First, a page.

Creating Curved Sail Panels

This is just one way of making a one-off kite with curved panel seams. This approach is a bit imprecise but fairly quick for someone with a steady hand, and eliminates cutting separate patterns for each panel along with the sail template. 

Drawing the seam lines

The seam lines are drawn on the cardboard half-sail template with the aid of a large hand-cut French curve or a spar with an adjustable bow-string. Larger radii look better from a distance than tight, curly ones, and are much easier to sew. Keep in mind the effects of the finished sail shape due to standoffs or billowing from wind pressure. I like to try to keep the seams as short as possible where they cross the allowance for the trailing edge hem. This is unimportant if a separate hem strip is added. Once the lines are laid out clearly and precisely, they are cut with sharp razor knife in a smooth sweeping motion. The cut is then refastened with bits of blue masking tape if another seam intersects with it. If not, the piece can be set aside.

Fabric alignment.

The fabric weave should be aligned with the nearest spar or edge. Put another way, the fabric along the leading edge should have the weave parallel to the LE, the center of the kite should have the weave parallel to the spine, and the fabric along the trailing edge should be parallel to the TE. This has to be compromised in actual practice to make a kite, but the goal is to keep the tension on the sail from distorting the fabric, since tension at an angle will stretch it out of shape. Most kite plans indicate this alignment with a patch of cross-hatching on each panel.  

Mark the fabric

Lay the fabric out as flat and smooth as possible. I use weights around the edges and let the fabric settle down for a while before marking and cutting. 

A flat washer makes a good guide for the seam allowance around the panel template. Select a size that gives the proper width and roll it around the template with a soft pencil in its hole. A scrap of cardboard with a pierced hole works as well. Cutting the fabric  with the hot-cutter in the washer is, for me, too difficult.

The overlap of adjacent panels can be one or both panels. leaving the full seam with on only one edge seems easier. I use an 8mm to suit my machine's three-step zigzag.

Cutting the panels

Two layers of fabric can be cut by stacking them under the template, but may stick together at the edges and ruin them. If you make a mistake here, two panels will be ruined instead of one.

Using the panel templates as cutting guides involves sliding them to match the pencil line, which may be 8mm away from the template edge. By trial and error, the template can be re-positioned and moved a few times for each cut and not interrupt the smoothness of the cut edge enough to be noticeable.

Each seam is cut in a few steps with a cutter of the right temperature to just cut the fabric.  The center panel fabric is cut in one piece to eliminate a seam along the spine.

The cardboard template panels are now reassembled with tape to guide the assembly of the seams.

The fabric panels are joined in a way to make the sail aerodynamic and look good. Dark colors usually look better overlapping light colors. I like to "shingle" the seam toward the bottom of the sail's face in an attempt to reduce drag. Usually only one or two seams are tacked and sewn at a time to ease feeding the sail through the machine.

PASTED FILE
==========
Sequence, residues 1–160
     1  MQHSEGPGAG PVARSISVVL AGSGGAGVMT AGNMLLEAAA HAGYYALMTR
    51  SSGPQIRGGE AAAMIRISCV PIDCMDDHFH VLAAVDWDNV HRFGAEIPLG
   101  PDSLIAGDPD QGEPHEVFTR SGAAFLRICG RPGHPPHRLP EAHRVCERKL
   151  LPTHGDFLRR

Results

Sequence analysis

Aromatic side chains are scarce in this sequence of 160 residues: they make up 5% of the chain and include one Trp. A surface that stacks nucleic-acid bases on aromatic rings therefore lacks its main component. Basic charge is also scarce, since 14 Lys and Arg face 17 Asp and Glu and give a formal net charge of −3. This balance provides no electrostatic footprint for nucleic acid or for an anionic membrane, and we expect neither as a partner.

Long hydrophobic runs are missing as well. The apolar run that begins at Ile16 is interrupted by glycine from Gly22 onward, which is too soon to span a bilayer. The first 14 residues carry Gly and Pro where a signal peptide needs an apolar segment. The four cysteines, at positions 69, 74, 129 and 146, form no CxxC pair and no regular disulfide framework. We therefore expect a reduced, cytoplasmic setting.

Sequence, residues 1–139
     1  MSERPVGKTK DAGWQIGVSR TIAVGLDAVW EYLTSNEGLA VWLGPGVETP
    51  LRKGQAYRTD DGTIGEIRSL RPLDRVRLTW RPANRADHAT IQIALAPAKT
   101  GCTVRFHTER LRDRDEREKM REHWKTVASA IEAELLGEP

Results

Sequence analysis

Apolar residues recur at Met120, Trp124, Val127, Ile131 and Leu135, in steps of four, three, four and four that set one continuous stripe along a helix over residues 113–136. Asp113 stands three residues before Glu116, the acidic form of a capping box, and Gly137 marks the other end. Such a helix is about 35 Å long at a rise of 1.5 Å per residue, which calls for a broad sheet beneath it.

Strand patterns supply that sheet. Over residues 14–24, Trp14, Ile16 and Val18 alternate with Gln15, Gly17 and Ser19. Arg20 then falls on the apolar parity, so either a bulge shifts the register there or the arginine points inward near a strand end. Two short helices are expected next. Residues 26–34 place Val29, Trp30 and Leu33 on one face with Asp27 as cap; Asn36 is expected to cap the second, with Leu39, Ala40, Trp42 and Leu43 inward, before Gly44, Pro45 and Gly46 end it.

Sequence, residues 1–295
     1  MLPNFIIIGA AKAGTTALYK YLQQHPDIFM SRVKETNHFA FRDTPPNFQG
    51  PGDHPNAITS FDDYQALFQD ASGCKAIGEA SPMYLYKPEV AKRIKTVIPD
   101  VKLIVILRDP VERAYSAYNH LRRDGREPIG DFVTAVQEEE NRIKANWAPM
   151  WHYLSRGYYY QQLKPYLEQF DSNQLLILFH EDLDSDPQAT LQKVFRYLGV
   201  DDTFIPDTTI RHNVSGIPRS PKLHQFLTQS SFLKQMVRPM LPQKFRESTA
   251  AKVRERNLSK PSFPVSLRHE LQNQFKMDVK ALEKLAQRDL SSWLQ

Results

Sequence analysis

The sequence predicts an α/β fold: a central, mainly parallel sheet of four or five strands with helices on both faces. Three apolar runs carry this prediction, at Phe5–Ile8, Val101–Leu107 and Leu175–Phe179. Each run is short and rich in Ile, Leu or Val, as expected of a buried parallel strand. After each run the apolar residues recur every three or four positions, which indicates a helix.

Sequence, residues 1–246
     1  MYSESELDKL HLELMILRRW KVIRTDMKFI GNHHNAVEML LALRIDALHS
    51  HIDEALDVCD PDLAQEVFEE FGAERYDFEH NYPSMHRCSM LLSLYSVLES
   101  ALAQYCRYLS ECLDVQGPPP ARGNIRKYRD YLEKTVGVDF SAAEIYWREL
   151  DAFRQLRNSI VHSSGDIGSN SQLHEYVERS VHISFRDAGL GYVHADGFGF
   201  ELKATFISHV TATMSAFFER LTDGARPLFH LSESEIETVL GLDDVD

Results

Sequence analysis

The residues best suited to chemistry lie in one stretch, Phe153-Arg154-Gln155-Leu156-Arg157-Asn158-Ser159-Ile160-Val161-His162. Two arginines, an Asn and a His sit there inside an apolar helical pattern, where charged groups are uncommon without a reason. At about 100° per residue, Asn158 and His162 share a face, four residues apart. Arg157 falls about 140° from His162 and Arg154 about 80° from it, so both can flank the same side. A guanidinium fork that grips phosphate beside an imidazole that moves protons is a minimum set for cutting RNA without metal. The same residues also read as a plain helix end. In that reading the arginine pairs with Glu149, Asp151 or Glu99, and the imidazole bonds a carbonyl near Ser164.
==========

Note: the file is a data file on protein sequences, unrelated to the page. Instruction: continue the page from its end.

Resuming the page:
Tacking, taping or basting

The seams can be held for sewing by pinning, gluing, or with two-sided permanent tapes. Some of these tapes eliminate the need for sewing, sometimes by heating with an iron. They are used to assemble spinnakers and are quite strong, but outweigh the stitches they replace. The idea of putting an iron near my kite has kept me from trying this. Pinning or basting with thread makes ugly holes in kite fabrics, and basting stitches have to be picked from the final stitching.

I use glue, although sometimes the glue line shows  through the fabric, and overuse will gum up the machine's needle. Glue-sticks are handy and cheap, but Fabri-Tac clear glue is stronger for a more solid bond, and has become my favorite.

This photo shows my way of holding fabric in place with hand planes

while gluing the seam with Fabri-Tac.

Sewing the seams

Usually sewing the panels to the center panel and working alternately toward the tips will allow folding the sail in half to check symmetry as the seams are done. Remember that the seam overlaps will be mirrored between the two wings.

Here a zig-zag or three-step zigzag is run down each seam. Two parallel straight stitches can also be used, but is very difficult to do well.

After the panels are sewn, the assembled template is used to cut the sail, leaving a trailing edge hem allowance, as with a single-piece sail.

There are numerous ways to improve on this method of adding curves to kites, as each kite is always an improvement over the last one. A set of giant French curves cut from aluminum would be my ideal way, but that's another project.

Thanks Stan

Stan Kellar of California had a very informative web site aptly named Stan’s Toy Shop. Stan recently retired his website and has granted me permission to reproduce portions of his site. Hopefully this information will prove valuable to you, I know that when I first started building Stan’s site was very helpful.

Thanks Stan!


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